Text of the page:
SII Focus 8 July 2016

Decisions affecting the rights of athletes: a Russian perspective

The International Assocaition of Athletics Federations (IAAF) decision to ban Russian athletes from international competition has angered many Russian athletes, who argue that they are being unfairly punished for the actions of others. Russian lawyer Sergey Yurlov examines whether the IAAF decision deprives Russian athletes of the fundamental rights guaranteed to them by international treaties, and whether it goes against the spirit of the World Anti-Doping Code. He also explains how sporting bodies have shifted the burden of proof by requiring them to prove they are clean to compete.


On 13 November 2015, the International Association of Athletics Federations (IAAF) provisionally suspended the Russian athletics federation (RusAF) following certain allegations relating to the creation of a state sponsored drug use program. More importantly, the IAAF published on its official website a list of athletes prohibited from participating in international sporting competitions. The list includes more than 4,000 athletes.

On 17 June 2016, the 204th extraordinary Council Meeting of the IAAF decided not to reinstate RusAF’s membership and not to allow Russian athletes to take part in international sporting competitions including the forthcoming 2016 Rio Olympic Games (hereinafter –  ‘Decision’).

Making the Decision, the IAAF relied on the following:

• Russian authorities have not created a strong and effective anti-doping infrastructure capable of detecting and deterring doping;
• there are allegations that not only does the Russian government not tackle doping, but it also covers up adverse analytical findings;
• there is still no culture of zero tolerance for doping; and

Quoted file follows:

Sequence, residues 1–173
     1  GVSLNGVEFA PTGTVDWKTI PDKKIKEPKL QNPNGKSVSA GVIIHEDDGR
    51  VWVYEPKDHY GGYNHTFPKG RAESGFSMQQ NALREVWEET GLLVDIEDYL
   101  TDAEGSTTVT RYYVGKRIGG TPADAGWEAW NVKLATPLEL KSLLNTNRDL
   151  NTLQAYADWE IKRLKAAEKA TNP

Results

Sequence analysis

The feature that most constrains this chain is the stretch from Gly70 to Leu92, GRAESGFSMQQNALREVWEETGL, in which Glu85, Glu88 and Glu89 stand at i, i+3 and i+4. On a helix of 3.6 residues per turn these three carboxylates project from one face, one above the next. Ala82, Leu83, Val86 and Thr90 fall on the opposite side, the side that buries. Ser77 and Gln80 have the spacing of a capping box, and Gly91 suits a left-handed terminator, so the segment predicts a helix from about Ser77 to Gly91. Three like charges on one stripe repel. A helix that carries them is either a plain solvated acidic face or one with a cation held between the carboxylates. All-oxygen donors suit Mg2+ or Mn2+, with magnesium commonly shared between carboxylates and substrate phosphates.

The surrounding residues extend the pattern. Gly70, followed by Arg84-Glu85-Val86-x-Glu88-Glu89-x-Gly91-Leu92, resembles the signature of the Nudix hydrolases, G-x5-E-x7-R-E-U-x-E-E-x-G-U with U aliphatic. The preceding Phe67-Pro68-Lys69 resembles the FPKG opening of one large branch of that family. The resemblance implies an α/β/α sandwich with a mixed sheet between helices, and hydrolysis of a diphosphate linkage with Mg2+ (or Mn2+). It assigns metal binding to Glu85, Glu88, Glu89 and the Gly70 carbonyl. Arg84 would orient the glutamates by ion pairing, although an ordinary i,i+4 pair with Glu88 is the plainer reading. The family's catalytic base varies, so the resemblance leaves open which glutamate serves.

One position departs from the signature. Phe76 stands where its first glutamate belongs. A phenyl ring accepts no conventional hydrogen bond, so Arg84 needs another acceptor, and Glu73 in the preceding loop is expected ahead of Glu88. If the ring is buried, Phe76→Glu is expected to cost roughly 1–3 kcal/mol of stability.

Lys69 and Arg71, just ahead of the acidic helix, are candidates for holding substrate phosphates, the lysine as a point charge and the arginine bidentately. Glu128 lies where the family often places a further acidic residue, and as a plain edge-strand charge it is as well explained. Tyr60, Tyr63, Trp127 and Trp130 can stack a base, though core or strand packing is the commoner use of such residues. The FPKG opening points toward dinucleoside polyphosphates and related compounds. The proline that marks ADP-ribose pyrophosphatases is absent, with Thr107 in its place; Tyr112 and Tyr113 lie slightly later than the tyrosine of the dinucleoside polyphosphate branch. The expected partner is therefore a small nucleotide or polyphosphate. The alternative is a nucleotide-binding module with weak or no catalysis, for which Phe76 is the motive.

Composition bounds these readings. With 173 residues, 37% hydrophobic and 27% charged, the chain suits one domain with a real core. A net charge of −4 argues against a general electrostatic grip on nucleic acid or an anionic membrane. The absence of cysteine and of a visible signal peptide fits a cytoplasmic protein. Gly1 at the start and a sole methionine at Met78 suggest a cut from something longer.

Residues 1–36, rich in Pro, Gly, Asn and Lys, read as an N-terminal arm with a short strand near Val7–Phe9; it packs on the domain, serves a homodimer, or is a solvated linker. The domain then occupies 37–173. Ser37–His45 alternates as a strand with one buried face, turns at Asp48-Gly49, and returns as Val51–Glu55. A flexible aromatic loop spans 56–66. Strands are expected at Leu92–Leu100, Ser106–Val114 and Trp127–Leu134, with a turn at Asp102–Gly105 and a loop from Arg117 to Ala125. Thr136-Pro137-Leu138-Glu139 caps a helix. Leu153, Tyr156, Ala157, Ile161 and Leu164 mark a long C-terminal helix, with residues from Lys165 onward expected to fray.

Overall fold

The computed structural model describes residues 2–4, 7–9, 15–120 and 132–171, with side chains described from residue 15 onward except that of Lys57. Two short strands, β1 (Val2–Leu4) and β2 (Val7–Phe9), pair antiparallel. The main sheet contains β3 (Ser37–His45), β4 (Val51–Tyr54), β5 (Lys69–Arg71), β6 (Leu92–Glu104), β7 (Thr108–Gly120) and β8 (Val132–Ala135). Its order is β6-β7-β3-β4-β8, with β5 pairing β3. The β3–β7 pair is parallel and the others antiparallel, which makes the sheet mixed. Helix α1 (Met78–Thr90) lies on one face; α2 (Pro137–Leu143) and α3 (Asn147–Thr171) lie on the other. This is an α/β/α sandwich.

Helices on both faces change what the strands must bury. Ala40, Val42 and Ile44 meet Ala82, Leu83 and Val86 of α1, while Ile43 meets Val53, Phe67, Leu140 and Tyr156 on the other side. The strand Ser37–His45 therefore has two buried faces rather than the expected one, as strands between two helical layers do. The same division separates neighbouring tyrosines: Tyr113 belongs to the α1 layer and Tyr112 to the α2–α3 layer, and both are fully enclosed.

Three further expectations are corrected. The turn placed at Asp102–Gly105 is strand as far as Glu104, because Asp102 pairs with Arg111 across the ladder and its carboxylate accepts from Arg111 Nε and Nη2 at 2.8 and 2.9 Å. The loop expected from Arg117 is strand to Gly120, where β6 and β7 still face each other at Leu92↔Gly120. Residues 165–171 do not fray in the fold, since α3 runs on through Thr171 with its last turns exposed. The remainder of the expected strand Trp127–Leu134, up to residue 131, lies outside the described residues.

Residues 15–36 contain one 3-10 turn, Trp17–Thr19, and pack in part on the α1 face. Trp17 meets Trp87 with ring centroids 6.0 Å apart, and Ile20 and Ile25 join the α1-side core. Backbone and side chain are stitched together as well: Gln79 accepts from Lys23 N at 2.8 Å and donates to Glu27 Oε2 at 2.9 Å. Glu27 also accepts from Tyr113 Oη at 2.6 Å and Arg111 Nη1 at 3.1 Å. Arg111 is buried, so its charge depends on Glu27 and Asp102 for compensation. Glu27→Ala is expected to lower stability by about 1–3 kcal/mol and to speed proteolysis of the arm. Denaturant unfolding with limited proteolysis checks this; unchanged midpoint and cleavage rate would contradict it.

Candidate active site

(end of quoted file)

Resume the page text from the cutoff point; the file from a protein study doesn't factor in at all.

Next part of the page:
• the RusAF does not meet the reinstatement conditions in general.

On 21 June 2016 the International Olympic Committee’s (IOC) Summit adopted a Declaration upholding the Decision (hereinafter –  ‘Declaration’). The IOC recognises the Decision and believes that most Russian track and field athletes are ineligible to take part in the forthcoming 2016 Rio Olympic Games. This article provides a review of the Decision and Declaration, and analyses arising legal issues.

Actual consequences

Unfortunately, the Decision and Declaration lead to the following dire consequences:

• Russian track and field athletes, regardless of the fact whether they have tested positive, remain ineligible to compete in international sporting competitions. In other words, following RusAF’s suspension, most Russian track and field athletes have been deprived of their right to take part in sporting competitions;
• RusAF’s officials and support personnel are prohibited from taking part in international sporting competitions and resolving issues arising from such competitions;
• Russian sports authorities are still accused of not doing enough to eradicate doping in Russian sport; and
• Russian sports laboratories are not yet independent in testing and revealing prohibited substances and/or methods.

The IOC once more confirmed that only international sports federations have the right to decide on athlete eligibility and to file entry forms to the Olympic Games and other international sporting competitions on their behalf.

Arising legal issues

According to the IAAF statements, its members should tackle doping in order to protect the rights of clean athletes. What constitutes a  ‘clean athlete‘? It appears that the term ‘clean athlete’ refers to those who have never tested positive. Such athletes do not use performance-enhancing drugs and therefore participate fairly in sporting competitions.